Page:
Time Magazine’s campaign blog had an interesting article today analyzing the role of the grassroots organization of the FairTaxA tax is a mandatory payment or charge collected by local, state, and national governments from individuals or businesses to cover the costs of general government services, goods, and activities. in Mike Huckabee’s big victory on Thursday in Iowa. The article also provides a nice brief historical context for the FairTax, and is rather favorable of it. Here’s a portion:
Mike Huckabee’s victory in Iowa Thursday was a big victory also for the “Fair Tax,” the radical revamping of the federal tax code that he endorses. And while Huckabee’s Iowa win may be a one-off, one gets the feeling that the Fair Tax campaign will be with us for a while. The resurgent John McCain is mildly supportive of it as well. And the legions of Fair Tax fanatics aren’t going anywhere.
The Fair Tax is a proposal to abolish the Internal Revenue Service, throw out all existing federal taxes and replace them with a 30% nationwide retail sales taxA sales tax is levied on retail sales of goods and services and, ideally, should apply to all final consumption with few exemptions. Many governments exempt goods like groceries; base broadening, such as including groceries, could keep rates lower. A sales tax should exempt business-to-business transactions which, when taxed, cause tax pyramiding. that would, it is hoped, raise about as much as income taxes, payroll taxA payroll tax is a tax paid on the wages and salaries of employees to finance social insurance programs like Social Security, Medicare, and unemployment insurance. Payroll taxes are social insurance taxes that comprise 24.8 percent of combined federal, state, and local government revenue, the second largest source of that combined tax revenue. es, excise taxAn excise tax is a tax imposed on a specific good or activity. Excise taxes are commonly levied on cigarettes, alcoholic beverages, soda, gasoline, insurance premiums, amusement activities, and betting, and typically make up a relatively small and volatile portion of state and local and, to a lesser extent, federal tax collections. es and the lot do now. You’ll hear a lot of the Fair Taxers saying it’s a 23% tax, which it is, if you think of it like an income tax. (No use getting bogged down in that here; I’ll explain at the bottom of the post.)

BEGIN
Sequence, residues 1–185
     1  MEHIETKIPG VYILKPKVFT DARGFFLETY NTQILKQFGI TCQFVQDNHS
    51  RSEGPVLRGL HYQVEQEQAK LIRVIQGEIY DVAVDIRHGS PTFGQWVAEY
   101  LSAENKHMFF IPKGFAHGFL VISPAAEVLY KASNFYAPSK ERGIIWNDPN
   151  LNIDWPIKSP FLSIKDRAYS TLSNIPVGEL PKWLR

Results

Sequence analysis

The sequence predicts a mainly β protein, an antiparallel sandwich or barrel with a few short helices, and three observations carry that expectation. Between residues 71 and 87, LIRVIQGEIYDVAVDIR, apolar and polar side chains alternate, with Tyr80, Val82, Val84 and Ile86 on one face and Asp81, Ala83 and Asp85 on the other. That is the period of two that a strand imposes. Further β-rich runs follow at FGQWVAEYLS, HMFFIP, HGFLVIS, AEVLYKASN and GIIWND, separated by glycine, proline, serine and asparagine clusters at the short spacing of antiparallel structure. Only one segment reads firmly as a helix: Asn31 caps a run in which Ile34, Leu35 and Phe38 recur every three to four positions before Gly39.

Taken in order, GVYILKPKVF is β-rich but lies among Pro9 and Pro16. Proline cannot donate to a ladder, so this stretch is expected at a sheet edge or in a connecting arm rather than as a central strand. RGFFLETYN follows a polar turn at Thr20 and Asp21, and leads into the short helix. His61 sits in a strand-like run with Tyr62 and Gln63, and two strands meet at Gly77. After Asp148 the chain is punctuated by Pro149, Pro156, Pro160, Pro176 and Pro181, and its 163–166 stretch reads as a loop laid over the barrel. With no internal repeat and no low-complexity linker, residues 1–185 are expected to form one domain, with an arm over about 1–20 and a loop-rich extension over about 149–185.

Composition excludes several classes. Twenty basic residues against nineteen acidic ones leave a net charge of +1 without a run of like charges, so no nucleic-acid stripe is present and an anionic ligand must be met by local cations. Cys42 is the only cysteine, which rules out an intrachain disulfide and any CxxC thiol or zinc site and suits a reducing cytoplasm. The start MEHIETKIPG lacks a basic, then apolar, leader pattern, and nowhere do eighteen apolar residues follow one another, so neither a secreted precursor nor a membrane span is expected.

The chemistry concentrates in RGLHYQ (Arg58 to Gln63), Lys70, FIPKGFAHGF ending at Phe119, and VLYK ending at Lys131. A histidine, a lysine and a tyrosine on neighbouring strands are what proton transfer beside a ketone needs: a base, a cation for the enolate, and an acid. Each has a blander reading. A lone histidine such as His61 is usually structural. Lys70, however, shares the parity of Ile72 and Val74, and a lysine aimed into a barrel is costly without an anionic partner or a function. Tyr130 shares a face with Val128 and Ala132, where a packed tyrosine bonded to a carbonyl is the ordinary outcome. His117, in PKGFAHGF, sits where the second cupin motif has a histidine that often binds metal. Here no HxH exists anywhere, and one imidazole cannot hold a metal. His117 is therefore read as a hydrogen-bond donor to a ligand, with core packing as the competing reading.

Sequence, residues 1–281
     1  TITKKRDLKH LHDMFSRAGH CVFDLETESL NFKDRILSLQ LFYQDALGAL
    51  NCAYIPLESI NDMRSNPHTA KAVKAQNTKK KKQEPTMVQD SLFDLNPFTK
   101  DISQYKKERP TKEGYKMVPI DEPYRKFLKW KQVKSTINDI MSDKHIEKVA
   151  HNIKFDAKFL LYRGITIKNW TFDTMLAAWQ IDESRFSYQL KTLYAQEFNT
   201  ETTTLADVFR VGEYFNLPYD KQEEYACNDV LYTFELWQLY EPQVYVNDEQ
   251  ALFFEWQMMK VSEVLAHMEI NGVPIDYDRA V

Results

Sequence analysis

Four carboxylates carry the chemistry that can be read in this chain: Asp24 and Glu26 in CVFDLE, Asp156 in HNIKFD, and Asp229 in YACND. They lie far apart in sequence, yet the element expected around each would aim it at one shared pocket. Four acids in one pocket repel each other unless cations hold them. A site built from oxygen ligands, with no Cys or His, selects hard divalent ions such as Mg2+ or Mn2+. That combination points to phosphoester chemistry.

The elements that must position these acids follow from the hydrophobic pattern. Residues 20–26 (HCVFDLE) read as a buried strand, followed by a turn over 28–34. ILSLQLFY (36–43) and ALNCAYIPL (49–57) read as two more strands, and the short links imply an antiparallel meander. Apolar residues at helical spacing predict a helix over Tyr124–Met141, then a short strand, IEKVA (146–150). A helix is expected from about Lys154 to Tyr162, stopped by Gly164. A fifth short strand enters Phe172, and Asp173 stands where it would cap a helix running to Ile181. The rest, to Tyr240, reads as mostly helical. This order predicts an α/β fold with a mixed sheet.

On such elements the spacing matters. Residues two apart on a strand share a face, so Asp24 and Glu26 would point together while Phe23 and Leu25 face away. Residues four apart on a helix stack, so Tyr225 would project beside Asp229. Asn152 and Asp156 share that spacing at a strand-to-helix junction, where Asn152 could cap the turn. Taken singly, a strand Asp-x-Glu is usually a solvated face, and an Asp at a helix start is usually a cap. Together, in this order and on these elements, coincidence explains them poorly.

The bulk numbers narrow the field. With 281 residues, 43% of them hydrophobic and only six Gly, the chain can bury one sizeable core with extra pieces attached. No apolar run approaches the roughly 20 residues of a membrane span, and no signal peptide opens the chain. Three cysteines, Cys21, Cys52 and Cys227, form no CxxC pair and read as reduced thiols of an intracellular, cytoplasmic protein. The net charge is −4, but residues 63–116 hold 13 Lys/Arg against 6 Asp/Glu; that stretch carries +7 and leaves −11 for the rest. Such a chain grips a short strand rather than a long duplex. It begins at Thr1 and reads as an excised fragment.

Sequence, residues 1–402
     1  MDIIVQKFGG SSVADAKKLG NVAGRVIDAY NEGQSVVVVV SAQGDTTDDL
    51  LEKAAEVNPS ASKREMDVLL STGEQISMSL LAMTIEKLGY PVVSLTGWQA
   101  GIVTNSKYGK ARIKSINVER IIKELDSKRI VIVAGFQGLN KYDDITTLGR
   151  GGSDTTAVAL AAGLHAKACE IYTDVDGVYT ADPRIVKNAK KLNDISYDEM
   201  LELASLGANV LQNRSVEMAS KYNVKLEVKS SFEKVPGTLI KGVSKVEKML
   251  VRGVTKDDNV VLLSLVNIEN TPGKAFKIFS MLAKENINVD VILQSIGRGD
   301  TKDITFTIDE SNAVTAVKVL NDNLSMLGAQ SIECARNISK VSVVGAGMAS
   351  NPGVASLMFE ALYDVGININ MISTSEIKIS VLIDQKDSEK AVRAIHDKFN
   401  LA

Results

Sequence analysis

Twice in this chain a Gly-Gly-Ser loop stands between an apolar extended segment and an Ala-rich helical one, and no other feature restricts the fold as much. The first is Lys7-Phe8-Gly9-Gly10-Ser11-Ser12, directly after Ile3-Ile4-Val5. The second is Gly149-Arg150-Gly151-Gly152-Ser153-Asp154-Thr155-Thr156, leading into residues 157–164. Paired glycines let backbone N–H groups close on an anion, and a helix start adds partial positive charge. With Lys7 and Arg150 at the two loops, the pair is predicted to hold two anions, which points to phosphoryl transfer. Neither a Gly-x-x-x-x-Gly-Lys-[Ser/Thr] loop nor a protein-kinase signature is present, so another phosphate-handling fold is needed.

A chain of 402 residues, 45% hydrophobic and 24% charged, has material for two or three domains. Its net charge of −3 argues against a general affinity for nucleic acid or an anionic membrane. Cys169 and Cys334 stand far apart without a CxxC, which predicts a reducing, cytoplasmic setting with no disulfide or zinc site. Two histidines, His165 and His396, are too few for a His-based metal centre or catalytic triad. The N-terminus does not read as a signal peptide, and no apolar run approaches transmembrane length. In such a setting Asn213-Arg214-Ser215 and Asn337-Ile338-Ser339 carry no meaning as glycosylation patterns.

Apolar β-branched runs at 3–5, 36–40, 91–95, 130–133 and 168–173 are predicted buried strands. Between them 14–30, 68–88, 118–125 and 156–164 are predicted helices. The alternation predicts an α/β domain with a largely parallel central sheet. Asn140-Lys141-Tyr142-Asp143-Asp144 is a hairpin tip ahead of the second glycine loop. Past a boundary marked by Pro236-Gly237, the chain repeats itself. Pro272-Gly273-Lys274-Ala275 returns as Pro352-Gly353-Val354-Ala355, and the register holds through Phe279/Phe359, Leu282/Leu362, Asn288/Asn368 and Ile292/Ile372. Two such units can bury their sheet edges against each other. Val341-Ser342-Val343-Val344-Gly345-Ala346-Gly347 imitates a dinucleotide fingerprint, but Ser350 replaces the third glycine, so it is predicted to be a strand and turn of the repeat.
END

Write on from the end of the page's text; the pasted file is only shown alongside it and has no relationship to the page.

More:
Anyway, on the occasion of Huckabee triumph, I called up Leo Linbeck Jr., the Houston businessman who together with two friends launched the Fair Tax movement just over a decade ago. I’m not sure what I expected from the conversation–maybe a little gloating over the Iowa results, I guess. What I got was two hours of mostly fascinating discourse, ranging from tax theory to feudal nature of modern Washington D.C. to the ideas of philosopher/theologian Michael Novak.
The Fair Tax got started like this, Linbeck told me: Three old rich men in Houston talked over lunch in 1995 about what they could do to leave the country better off before they died. They hit on reforming the tax system, and in particular simplifying it, as a worthy goal. “I’ve been a beneficiary of the complexity of the tax code,” is how Linbeck puts it.
While the Tax Foundation does not officially endorse the FairTax, it is nice to see tax reform on the agenda in the 2008 presidential election, regardless of who the candidates are and what tax reforms they are proposing.
For a less sympathetic view of the FairTax compared to this Time Magazine blog, here is a recent podcast we conducted with one of its biggest critics, Bruce Bartlett. Also, last year, we conducted a podcast with its leading academic supporter, Laurence Kotlikoff.lShare